One of the more surprising traits of the current generation of console hardware is that the machines themselves have become definite places. Whether it's Xbox Live or the PlayStation Network, they exist in tangible ways even if there's no game sat in the tray or chattering away on the hard drive. The Xbox 360 is forever shedding its skin in this regard, adding and then cutting social features, moving from those swooshing blades through to Metro - not that it's called Metro anymore - in the space of three Gears of War games. PS3, on the other hand, has stuck with the XMB from the start, opting for cold, sleek, slightly impenetrable style, even if Sony's recently decided to give the shop a bit of a seeing to.
The Wii, meanwhile, opted for an interface that sort of resembled the CCTV room of one of the planet's cleanest shopping malls: neat rows of TV screens flickering with little SD worlds. Now the Wii U's here, however, and the internet's a lot more comprehensively integrated into Nintendo's latest OS. The Wii U's the first console to be born with the age of social media in full flow, in fact, so it probably shouldn't be that surprising that the status update and its ilk have had an impact on the company's thinking. Nintendo's response to all of this, though, does feel rather surprising. With the Miiverse, we're finally seeing Nintendo's answer to PSN and Xbox Live - not to mention Twitter and Facebook - and it's a very Nintendoish kind of answer.
Reading through Jeffrey's piece on the subject the other day, I was initially a little disappointed. The Miiverse is a grand sort of name, and I think when I heard it for the first time I probably pictured shifting, swirling constellations of Nintendo avatars: shimmering Oort clouds of bowl cuts, sunglasses, goatees and those funny little piggy noses you use when building caricatures of unloved work colleagues. In reality, when you fire the thing up, either from the main Wii U dash or in-game, with a tap of the GamePad's home button and a quick selection from the touchscreen, you're landed with something that looks rather drab and clinical: a selection of message boards themed around different communities, all of which currently relate to specific Wii U games.
After a few minutes of using Miiverse, however, I started to see promising traces of Gunpei Yokoi Thinking at work. Yokoi was one of Nintendo's greatest designers, probably most famous for creating the Game Boy - and most infamous for helping birth the Virtual Boy. One of his persistent themes was that older, cheaper tech could be repurposed and used in interesting ways that made up for its limitations, which is why the most iconic handheld of all time had a cost and energy-efficient urine-coloured screen that had to be angled in direct sunshine, while competitors with their gleaming backlit displays ended up on the scrapheap. (If your urine genuinely does match the hue of a Game Boy screen, incidentally, see your doctor and try to drink more water.) Faced with social media, Yokoi might just have come up with something like a straightforward message board set-up, I suspect: it's hardly flashy, but it's quick to load and filled with interesting possibilities for connecting people and their interests.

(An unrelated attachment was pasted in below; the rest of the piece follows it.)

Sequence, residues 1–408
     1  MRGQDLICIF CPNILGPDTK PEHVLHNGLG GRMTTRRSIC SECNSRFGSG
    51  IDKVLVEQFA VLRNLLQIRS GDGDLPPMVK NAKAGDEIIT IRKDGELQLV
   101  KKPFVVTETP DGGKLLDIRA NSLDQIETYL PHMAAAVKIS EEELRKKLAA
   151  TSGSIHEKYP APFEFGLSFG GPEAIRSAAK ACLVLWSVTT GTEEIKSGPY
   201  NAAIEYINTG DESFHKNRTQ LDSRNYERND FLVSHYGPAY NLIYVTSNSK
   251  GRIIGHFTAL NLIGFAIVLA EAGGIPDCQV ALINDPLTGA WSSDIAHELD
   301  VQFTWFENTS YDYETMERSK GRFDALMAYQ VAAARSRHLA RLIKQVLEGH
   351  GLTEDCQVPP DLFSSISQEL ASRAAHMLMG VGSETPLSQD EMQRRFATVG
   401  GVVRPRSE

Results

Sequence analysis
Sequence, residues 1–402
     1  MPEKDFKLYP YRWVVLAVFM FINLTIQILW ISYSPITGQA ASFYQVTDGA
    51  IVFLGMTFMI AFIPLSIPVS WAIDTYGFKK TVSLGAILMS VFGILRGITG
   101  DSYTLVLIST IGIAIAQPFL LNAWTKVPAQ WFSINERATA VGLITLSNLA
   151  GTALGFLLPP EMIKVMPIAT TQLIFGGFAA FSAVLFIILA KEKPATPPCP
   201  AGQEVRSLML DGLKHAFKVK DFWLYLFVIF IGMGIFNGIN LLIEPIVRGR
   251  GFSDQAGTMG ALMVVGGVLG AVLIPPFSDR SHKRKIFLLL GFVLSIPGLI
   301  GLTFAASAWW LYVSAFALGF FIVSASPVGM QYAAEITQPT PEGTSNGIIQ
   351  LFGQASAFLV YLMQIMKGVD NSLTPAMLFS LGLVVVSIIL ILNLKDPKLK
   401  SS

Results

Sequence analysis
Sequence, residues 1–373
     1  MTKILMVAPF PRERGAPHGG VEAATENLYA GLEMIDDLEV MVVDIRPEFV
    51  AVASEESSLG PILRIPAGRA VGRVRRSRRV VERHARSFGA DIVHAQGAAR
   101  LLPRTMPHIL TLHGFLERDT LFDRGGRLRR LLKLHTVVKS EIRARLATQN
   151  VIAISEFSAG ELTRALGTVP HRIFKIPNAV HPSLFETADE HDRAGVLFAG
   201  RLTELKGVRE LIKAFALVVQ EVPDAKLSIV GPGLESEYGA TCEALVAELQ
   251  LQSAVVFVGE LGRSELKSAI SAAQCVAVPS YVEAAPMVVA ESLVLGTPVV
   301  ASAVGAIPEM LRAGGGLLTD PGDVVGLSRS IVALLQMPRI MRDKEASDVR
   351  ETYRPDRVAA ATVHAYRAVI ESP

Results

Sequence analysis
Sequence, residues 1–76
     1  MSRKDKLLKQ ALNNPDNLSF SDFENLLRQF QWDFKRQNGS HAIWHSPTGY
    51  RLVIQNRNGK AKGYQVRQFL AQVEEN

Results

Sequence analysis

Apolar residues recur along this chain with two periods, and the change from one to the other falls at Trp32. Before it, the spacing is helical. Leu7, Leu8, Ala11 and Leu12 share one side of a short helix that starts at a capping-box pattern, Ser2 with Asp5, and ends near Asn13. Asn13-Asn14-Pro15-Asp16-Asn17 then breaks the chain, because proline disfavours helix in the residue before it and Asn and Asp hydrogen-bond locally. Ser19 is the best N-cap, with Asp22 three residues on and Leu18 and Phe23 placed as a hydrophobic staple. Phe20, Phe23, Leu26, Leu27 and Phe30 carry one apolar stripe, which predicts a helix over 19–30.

In reality, Miiverse is a bit more complex than a simple message board: you can select users to follow, sticking their updates in your own activity feed, you can send private messages to your friends, and you can add screenshots from the game you're playing by switching over to the Miiverse in-title and then posting the frozen image from your telly or GamePad. Oh, and you can even draw little pictures, using a stripped-back art package that will be immediately familiar to any veterans of the DS's PictoChat. For the most part, though, it works like a simple message board: an endless scrolling wall of chat about the games you're playing, and the games you haven't gotten around to yet, a metaverse torrent of cheerful inconsequence, sometimes coalescing into actual conversations, often just fluttering around by itself.
And that turns out to be kind of wonderful, actually, couching each Wii U title in a kind of social fuzziness that means you genuinely feel like part of a community even while playing solo. Sure, message boards devoted to video games are hardly a blisteringly new idea in the grand scheme of things, but having the message board for the game you're currently playing available on what's essentially a pause menu really changes the proposition.
I spent the morning with New Super Mario Bros. U on the office machine, and its Miiverse community genuinely enhanced what's already a fairly special game. Every few minutes I could duck out of the World Map to see what other players were thinking about things, whether they were friends or strangers, stuck and seeking help or delighted by a new discovery (spoilers are easy to tag and hide, mind), or even just turning up to show off a wonky drawing of Yoshi they'd sketched.